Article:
Our political Quote of the Day comes from The Weekly Standard’s Bill Kristol, one of many conservative voices expressing doubts about how all-but-certain-Republican Presidential nominee Mitt Romney is conducting his campaign. Some chunks of his piece:
Remember Michael Dukakis (1988) and John Kerry (2004)? It’s possible to lose a winnable presidential election to a vulnerable incumbent in the White House (or in the case of 1988, a sitting vice president). So, speaking of losing candidates from Massachusetts: Is it too much to ask Mitt Romney to get off autopilot and actually think about the race he’s running?
Adopting a prevent defense when it’s only the second quarter and you’re not even ahead is dubious enough as a strategy. But his campaign’s monomaniacal belief that it’s about the economy and only the economy, and that they need to keep telling us stupid voters that it’s only about the economy, has gone from being an annoying tick to a dangerous self-delusion.
The economy is of course important. But voters want to hear what Romney is going to do about the economy. He can “speak about” how bad the economy is all he wants—though Americans are already well aware of the economy’s problems—but doesn’t the content of what Romney has to say matter? What is his economic growth agenda? His deficit reform agenda? His health care reform agenda? His tax reform agenda? His replacement for Dodd-Frank? No need for any of that, I suppose the Romney campaign believes. Just need to keep on “speaking about the economy.”
Kristol is here — I am absolutely convinced — is also reflecting some of the doubts about Romney that independent voters are starting to have…doubts that will fester and blossom into a larger portion of independent voters voting against Romney.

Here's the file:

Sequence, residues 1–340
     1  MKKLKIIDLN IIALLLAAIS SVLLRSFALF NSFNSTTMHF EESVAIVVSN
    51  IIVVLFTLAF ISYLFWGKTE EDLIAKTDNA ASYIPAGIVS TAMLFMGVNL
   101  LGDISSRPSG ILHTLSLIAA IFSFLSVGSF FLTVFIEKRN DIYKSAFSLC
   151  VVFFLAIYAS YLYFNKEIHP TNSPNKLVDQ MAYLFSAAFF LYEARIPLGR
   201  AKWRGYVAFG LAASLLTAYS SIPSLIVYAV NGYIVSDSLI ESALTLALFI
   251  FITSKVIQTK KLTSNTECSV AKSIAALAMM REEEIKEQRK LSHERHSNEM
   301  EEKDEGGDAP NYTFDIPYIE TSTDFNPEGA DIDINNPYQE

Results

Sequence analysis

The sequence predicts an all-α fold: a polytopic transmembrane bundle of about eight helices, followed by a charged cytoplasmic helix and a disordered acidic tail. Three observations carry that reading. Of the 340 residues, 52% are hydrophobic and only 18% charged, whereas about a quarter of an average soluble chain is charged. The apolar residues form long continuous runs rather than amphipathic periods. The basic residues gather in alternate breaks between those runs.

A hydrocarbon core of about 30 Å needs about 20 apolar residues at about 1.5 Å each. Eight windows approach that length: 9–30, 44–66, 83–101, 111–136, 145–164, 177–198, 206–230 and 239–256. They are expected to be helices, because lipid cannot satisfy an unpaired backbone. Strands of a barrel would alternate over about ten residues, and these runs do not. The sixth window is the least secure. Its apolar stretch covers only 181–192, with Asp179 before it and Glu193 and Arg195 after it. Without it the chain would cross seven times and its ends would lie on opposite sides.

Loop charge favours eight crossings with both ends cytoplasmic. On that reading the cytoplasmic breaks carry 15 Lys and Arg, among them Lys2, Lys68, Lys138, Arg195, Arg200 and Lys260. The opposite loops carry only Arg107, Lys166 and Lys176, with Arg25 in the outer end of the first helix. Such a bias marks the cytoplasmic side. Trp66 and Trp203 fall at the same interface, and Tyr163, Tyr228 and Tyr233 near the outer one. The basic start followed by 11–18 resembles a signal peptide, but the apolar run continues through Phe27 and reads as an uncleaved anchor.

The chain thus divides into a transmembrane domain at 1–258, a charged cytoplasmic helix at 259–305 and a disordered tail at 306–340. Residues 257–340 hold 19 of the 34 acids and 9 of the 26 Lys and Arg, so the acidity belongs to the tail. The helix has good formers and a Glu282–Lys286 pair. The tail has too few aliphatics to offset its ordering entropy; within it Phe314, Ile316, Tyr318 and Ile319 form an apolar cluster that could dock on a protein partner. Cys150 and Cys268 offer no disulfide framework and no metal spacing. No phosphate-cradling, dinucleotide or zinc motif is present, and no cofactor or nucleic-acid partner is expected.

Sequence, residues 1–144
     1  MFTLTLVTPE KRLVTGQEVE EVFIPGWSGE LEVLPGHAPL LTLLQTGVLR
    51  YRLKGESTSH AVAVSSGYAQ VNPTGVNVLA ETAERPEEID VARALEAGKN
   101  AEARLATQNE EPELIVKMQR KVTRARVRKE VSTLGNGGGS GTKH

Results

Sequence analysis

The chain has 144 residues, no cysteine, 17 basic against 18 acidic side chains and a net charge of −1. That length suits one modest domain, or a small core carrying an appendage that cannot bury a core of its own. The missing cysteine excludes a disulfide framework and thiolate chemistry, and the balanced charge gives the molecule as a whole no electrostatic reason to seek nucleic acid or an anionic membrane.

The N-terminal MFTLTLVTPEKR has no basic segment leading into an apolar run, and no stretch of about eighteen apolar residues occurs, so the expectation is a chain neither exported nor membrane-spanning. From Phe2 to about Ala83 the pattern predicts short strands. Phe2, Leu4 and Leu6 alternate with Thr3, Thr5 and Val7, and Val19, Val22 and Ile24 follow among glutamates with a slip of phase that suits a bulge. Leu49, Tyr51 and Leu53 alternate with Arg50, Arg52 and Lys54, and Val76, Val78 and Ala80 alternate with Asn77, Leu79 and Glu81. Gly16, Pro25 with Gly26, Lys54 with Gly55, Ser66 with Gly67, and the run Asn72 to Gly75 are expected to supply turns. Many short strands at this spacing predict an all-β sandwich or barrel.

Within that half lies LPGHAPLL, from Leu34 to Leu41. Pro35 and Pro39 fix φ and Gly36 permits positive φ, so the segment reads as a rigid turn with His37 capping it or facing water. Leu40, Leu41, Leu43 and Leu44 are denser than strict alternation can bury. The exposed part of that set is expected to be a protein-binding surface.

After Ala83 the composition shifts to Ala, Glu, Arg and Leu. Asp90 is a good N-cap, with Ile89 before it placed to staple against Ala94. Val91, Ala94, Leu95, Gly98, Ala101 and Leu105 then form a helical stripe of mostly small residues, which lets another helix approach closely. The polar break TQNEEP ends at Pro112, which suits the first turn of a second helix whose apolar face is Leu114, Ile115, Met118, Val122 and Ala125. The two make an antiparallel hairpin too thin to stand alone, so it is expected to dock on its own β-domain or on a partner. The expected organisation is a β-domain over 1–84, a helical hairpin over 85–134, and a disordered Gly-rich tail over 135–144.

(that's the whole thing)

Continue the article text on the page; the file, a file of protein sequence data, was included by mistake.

And note that I said “against Romney” and not for Obama. A suit that looks a bit tattered and worn is preferable to wear than a suit you can’t find. And Romney is proving to be less than an empty suit. MORE:
The Romney campaign will answer that they’re imitating Bill Clinton in 1992, who famously focused on “the economy, stupid.” But Bill Clinton was a full spectrum presidential candidate, with detailed policy proposals on welfare reform, health care, education, and foreign policy. He also made real efforts to convince the voters he was different from the losing Democratic candidates who preceded him (“a new kind of Democrat,” “ending welfare as we know it,” a hawkish-sounding foreign policy, Sister Souljah, etc.). So far, the Romney campaign doesn’t resemble the Clinton campaign. It seems to be following more comfortably in the tradition of the five post-Cold War Republican presidential candidates who preceded Romney. They received 37.5 percent, 40.7 percent, 47.9 percent, 50.7 percent, and 45.7 percent of the vote, respectively. The average GOP presidential vote in these last five elections was 44.5 percent. In the last three, it was 48.1 percent. Give Romney an extra point for voter disillusionment with Obama, and a half-point for being better financed than his predecessors. It still strikes me as a path to (narrow) defeat.
And, indeed, Romney doesn’t seem to be channeling the political spirits of Dukakis or Kerry.
He seems to be channeling the spirit of Thomas E. Dewey.
Joe Gandelman is a former fulltime journalist who freelanced in India, Spain, Bangladesh and Cypress writing for publications such as the Christian Science Monitor and Newsweek. He also did radio reports from Madrid for NPR’s All Things Considered. He has worked on two U.S. newspapers and quit the news biz in 1990 to go into entertainment. He also has written for The Week and several online publications, did a column for Cagle Cartoons Syndicate and has appeared on CNN.